The study defined a green building project as one built to LEED (Leadership in Energy and Environmental Design) or another recognized green building standard, or one that is energy-efficient, water-efficient, and improves indoor air quality and/or engages in material resource conservation. Notably, by this definition, the percentage of retail owners that have taken a green approach in more than half of their building projects rose from 18 percent in 2011 to 38 percent this year, and is expected to rise to 52 percent by 2015. Hotel owners show an even greater investment in green building—the percentage of those owners that have taken a green approach in more than half of their building projects rose from 28 percent in 2011 to 48 percent in 2013, and is projected to rise to 64 percent by 2015.
According to the study, owners also are committing to green operations and maintenance (O&M) practices, with nearly two-thirds (65 percent) of retail owners reporting high green O&M activity, and an even stronger 73 percent of hotel owners reporting the same.
Owners note strong business benefits from green building investments and green O&M practices, helping to drive this growth. Most notably, they report the following when comparing the performance of their green buildings to traditional buildings:
- Annual operating cost reductions: Reported by 66 percent of retail owners (at an average reduction of 8 percent) and by 51 percent of hotel owners (at an average reduction of 1 percent);
- Energy use reductions: Reported by 58 percent of retail owners and 67 percent of hotel owners at an average reduction of 15 percent for both;
- Asset value increases: Reported by 61 percent of retail owners (at an average increase of 7 percent) and by 71 percent of hotel owners (at an average reduction of 11 percent); and
- ROI (return on investment) increases: Reported by 67 percent of retail owners (at an average increase of 8 percent) and by 85 percent of hotel owners (at an average reduction of 14 percent).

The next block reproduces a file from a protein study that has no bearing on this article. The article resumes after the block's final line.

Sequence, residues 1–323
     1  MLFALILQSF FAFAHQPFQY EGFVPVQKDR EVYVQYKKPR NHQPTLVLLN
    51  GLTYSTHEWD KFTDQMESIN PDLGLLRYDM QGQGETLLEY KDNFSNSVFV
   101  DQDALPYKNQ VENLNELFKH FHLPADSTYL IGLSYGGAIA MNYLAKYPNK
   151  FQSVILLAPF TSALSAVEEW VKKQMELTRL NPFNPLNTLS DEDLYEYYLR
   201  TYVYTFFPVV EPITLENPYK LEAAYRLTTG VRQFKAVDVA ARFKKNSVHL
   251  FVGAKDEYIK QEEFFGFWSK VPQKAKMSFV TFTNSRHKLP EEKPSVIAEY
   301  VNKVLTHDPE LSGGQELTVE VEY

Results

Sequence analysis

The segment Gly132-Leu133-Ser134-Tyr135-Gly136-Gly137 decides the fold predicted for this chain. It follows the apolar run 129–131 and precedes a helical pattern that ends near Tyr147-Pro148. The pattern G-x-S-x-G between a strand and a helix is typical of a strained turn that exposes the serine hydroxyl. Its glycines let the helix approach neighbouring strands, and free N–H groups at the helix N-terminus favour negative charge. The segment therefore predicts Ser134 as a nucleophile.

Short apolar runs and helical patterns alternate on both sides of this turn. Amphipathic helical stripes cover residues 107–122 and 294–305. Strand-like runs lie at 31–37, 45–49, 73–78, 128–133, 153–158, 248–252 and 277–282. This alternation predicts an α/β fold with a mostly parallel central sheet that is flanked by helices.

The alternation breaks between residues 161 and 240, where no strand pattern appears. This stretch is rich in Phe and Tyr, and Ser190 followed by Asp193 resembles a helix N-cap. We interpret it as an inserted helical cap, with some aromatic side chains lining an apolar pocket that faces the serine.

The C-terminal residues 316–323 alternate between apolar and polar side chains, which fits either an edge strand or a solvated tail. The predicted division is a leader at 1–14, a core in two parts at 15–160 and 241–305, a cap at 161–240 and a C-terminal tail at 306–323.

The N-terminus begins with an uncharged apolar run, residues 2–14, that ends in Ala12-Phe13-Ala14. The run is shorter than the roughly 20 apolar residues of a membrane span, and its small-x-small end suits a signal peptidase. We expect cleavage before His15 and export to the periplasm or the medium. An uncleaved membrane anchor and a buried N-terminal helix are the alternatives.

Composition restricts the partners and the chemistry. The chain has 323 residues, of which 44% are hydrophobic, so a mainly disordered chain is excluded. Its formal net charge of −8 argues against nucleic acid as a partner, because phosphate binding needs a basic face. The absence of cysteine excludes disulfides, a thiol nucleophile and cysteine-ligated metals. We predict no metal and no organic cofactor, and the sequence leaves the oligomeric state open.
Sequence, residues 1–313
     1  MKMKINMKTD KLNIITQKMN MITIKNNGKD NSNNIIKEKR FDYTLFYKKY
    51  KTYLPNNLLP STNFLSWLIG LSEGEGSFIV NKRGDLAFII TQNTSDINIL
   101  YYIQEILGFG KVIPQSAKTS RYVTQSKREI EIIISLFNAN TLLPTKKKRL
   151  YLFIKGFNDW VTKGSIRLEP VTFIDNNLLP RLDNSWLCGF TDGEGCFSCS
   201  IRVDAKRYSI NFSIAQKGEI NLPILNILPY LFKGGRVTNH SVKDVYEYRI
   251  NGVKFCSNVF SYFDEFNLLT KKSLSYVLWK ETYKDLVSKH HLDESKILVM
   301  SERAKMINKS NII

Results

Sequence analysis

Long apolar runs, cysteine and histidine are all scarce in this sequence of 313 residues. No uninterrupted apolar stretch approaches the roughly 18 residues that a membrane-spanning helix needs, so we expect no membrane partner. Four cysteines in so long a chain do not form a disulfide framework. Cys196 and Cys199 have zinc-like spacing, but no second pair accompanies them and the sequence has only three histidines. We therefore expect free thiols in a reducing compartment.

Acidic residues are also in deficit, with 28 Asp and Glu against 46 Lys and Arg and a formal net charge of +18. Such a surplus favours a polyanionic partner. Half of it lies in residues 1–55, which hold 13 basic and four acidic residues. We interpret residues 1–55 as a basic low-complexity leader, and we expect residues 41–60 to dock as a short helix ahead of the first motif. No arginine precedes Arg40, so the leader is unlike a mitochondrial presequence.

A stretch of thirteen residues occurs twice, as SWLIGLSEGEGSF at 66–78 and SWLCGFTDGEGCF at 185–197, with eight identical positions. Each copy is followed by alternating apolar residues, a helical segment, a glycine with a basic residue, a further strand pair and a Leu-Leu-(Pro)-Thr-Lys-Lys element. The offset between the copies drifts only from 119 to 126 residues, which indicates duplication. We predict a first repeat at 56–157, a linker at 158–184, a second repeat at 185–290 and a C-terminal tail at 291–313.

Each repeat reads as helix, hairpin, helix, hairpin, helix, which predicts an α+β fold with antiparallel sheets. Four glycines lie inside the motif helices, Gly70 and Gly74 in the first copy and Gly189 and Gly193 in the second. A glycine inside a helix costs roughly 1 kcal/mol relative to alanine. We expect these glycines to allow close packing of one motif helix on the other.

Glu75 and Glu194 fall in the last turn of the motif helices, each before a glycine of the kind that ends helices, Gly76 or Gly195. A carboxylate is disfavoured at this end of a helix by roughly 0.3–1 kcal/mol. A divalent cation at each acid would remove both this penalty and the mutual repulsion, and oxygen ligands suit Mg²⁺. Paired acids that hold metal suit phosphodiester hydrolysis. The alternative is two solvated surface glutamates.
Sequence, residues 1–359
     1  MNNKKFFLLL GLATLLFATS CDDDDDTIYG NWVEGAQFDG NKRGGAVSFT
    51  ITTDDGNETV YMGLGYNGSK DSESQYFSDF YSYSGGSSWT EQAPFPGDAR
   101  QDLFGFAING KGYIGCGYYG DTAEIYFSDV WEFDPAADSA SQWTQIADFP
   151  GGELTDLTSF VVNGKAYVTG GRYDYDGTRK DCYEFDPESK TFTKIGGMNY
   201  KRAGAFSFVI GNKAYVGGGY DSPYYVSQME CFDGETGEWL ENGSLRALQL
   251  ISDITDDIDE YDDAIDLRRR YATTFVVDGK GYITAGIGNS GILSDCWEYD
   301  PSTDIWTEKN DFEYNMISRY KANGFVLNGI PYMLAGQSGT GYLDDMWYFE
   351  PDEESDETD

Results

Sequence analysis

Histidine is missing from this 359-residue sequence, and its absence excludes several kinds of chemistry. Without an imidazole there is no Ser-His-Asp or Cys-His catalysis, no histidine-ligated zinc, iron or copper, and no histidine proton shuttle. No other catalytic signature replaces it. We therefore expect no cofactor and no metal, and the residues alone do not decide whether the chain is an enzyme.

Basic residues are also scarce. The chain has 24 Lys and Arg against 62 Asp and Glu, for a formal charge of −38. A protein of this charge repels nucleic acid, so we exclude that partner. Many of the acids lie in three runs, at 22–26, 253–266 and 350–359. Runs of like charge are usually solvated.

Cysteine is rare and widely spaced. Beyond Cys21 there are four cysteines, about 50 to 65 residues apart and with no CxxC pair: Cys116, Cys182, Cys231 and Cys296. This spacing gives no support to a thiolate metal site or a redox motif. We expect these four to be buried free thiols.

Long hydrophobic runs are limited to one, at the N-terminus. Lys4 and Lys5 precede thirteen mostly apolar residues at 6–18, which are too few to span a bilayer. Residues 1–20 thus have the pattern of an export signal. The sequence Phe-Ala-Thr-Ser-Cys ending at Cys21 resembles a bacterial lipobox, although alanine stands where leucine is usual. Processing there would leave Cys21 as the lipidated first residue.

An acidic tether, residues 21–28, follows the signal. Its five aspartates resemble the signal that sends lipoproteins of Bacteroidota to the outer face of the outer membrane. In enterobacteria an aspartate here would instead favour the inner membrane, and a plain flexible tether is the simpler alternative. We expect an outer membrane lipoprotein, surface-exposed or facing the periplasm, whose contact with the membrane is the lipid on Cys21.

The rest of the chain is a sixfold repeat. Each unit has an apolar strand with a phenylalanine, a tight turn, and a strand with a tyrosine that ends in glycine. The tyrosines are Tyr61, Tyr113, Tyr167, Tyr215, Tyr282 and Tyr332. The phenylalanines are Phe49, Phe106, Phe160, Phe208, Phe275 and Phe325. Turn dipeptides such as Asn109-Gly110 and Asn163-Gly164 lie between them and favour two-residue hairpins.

There are many factors driving these owners toward adoption of green building investments and practices. While operating cost reductions are the most highly reported reason for going green (by 66 percent of retail owners and 73 percent of hotel owners), there are several other factors considered highly important in their decision-making process:
- Utility rebates: according to 63 percent of retail and 70 percent of hotel owners;
- Protecting/enhancing brand: according to 51 percent of retail and 73 percent of hotel owners (for hotel owners, this is as important as operating cost decreases); and
- Improving ROI: according to 52 percent of retail and 67 percent of hotel owners.
Key factors posing challenges to increases in green building investments include higher initial implementation costs for green practices (47 percent retail, 43 percent hotel); budgeting challenges (37 percent retail, 40 percent hotel); and getting corporate leadership buy-in (30 percent retail, 50 percent hotel). However, it is notable that no challenge was reported as having a high impact by more than half the respondents.
While energy efficiency is a key factor behind engagement in green building investments and practices, other aspects of green building also hold weight. For retail owners, 62 percent report recycling and waste management of critical importance and 63 percent of hotel owners report the same. These owners are also placing green building requirements on their contractors and suppliers—77 percent of retail owners and 73 percent of hotel owners say they require green waste handling practices from their contractors, and nearly the same percentages report requiring recycling and composting from their O&M contractors.
“These findings suggest that consumers feel better when they purchase a product from a company they know is contributing to a better planet,” says Jane Sumner, vice president, Waste Management’s Food & Retail and Construction segments. “Waste Management has been transforming its business to tap into this growing market and we are helping owners in the retail and hospitality space to do the same.”
The report also includes opinions from the construction community. In fact, contractors are reporting increased requests from their customers for green projects, reinforcing the findings reported by the owners.
To download the full “Green Retail and Hospitality SmartMarket Report: Capitalizing on the Growth in Green Building Investments,” visit http://analyticsstore.construction.com/index.php/retailsmr13.html?sourcekey=SMRPRES.